Intelligent fast failure for innovation
Jack Matson, the author of the book Innovate or Die, set out the philosophy of intelligent fast failure. First he observed his students, then entrepreneurs, and he realized that the innovation process involved an incredible number of failures. But each failure becomes a learning experiment, and it provides knowledge that can quickly result in new ideas. So, failures are knowledge building blocks in fully understanding how to succeed and to innovate. Each element of the concept is explained by Matson (1992, p. 35) as follows:
- “Intelligent” means that when you take a risk you want to learn as much as possible about what happened and why it happened, by gathering feedback. “Intelligent” also means the risk is attempted in such a way that not many resources (time and money) are lost if it fails.
- “Fast” means that risk is accelerated so that you know what happened quickly.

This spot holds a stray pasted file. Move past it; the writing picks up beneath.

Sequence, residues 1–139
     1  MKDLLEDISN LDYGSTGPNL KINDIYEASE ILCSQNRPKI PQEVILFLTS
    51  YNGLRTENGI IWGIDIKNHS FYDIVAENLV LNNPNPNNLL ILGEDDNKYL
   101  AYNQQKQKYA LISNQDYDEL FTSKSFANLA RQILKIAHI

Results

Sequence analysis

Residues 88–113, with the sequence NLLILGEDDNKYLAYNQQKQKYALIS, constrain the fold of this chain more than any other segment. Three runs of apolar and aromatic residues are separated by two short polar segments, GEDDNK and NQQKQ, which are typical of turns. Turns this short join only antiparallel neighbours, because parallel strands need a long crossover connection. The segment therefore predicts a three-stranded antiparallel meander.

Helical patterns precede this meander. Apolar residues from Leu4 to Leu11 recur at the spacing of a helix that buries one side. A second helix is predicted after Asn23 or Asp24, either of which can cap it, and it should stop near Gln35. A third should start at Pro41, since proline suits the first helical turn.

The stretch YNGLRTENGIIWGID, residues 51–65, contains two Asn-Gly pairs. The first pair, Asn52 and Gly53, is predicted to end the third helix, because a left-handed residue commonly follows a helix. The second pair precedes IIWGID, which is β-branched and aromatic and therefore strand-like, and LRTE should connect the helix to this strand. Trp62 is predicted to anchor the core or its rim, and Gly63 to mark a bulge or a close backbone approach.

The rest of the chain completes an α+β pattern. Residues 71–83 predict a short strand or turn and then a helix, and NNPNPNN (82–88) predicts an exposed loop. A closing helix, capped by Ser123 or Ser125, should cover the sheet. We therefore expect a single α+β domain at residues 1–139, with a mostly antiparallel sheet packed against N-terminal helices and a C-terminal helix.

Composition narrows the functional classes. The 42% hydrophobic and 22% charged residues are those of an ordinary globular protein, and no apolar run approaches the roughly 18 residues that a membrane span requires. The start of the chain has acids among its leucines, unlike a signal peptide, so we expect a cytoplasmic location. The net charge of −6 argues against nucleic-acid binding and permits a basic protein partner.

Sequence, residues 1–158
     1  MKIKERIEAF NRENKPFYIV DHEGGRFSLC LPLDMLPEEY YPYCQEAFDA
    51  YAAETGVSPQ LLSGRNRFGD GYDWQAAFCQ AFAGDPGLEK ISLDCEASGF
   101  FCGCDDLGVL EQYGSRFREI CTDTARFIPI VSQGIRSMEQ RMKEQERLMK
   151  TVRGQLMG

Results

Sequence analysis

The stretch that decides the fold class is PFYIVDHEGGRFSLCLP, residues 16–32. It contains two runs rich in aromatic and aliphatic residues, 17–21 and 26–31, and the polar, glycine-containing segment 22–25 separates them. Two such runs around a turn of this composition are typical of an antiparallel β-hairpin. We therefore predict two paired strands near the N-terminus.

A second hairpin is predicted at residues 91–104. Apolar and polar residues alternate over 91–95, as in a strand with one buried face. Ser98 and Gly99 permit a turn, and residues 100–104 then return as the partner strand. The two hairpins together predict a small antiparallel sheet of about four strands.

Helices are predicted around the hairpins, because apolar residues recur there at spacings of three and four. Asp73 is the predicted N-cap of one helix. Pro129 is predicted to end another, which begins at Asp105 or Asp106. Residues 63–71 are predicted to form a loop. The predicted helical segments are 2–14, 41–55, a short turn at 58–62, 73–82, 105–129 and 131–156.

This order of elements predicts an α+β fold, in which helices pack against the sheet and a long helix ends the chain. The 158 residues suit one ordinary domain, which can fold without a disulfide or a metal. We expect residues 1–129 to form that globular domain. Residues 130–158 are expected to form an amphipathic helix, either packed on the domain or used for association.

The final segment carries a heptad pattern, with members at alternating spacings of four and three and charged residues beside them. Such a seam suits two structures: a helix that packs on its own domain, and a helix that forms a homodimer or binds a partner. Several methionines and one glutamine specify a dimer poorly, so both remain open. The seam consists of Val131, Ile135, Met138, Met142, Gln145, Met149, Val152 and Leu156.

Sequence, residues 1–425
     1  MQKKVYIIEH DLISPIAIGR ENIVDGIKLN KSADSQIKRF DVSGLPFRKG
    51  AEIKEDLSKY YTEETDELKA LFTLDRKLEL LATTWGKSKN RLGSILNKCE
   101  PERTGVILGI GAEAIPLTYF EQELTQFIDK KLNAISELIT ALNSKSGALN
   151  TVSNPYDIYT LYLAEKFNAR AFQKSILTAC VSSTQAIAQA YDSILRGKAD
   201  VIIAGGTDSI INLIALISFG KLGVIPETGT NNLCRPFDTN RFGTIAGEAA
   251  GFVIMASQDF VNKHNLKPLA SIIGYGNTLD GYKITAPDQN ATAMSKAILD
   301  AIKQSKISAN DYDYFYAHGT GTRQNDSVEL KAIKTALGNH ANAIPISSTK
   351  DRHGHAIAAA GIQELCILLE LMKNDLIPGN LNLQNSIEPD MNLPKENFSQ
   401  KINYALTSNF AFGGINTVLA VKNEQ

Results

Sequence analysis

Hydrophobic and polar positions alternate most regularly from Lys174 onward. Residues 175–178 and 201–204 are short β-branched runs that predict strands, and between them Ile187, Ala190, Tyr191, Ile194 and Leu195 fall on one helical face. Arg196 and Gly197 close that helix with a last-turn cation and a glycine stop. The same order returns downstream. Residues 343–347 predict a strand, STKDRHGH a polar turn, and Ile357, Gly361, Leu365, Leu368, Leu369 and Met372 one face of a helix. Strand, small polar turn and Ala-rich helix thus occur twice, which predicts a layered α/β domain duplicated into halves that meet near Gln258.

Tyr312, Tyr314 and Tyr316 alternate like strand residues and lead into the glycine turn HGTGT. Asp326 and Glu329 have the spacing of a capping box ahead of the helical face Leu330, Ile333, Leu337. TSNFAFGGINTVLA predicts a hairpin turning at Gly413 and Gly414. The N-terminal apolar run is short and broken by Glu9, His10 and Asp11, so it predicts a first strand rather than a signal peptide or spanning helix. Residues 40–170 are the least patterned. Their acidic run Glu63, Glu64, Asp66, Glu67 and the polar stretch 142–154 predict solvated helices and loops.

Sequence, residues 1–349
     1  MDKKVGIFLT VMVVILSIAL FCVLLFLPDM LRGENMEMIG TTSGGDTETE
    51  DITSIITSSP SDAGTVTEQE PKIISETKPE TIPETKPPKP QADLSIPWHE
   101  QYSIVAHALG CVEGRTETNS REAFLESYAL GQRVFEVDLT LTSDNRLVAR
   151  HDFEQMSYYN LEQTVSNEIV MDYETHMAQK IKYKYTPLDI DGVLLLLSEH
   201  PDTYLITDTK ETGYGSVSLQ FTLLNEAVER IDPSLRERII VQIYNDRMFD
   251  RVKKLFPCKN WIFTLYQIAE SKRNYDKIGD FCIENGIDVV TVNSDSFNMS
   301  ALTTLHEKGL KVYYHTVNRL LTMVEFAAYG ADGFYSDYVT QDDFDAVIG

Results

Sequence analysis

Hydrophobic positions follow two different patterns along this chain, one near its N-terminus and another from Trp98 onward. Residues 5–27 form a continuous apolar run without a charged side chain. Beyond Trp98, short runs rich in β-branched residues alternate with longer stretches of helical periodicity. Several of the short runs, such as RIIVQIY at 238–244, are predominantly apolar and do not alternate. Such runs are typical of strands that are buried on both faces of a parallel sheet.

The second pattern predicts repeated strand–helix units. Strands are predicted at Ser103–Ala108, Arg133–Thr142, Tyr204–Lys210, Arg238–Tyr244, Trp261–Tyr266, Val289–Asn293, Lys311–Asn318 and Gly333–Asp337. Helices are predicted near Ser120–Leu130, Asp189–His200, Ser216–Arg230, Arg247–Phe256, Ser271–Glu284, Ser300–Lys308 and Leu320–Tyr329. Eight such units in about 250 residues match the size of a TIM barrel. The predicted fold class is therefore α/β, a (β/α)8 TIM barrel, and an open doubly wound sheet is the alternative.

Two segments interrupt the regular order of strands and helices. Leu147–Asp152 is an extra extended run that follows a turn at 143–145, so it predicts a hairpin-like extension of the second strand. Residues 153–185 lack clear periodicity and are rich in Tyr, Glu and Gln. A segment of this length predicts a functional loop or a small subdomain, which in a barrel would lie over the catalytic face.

- “Failure” means that you should not expect most plans to work out. Most will, in fact, fail; but it is through the process of failure that you acquire the knowledge of the partial truths which will enable you to develop successful risks.
In other words, creative breakthroughs are based on a foundation of knowledge acquisition, acquisition that is done through failures (experiments), as necessary components of the learning process.
Do you want to learn more about intelligent fast failure philosophy? We recommend reading Jack Matson’s book – Innovate or Die (1996): https://www.amazon.com/Innovate-Die-Jack-Matson-ebook/dp/B00EPKSATO;
or this article that summarizes the philosophy of intelligent fast failure: S. Tahirsylaj, “Stimulating creativity and innovation through Intelligent Fast Failure”, in Thinking Skills and Creativity, 7 (2012), pp. 265–270;
or read this book, that we also quoted here, written by the same Jack Matson in 1992: The art of innovation: Using intelligent fast failure.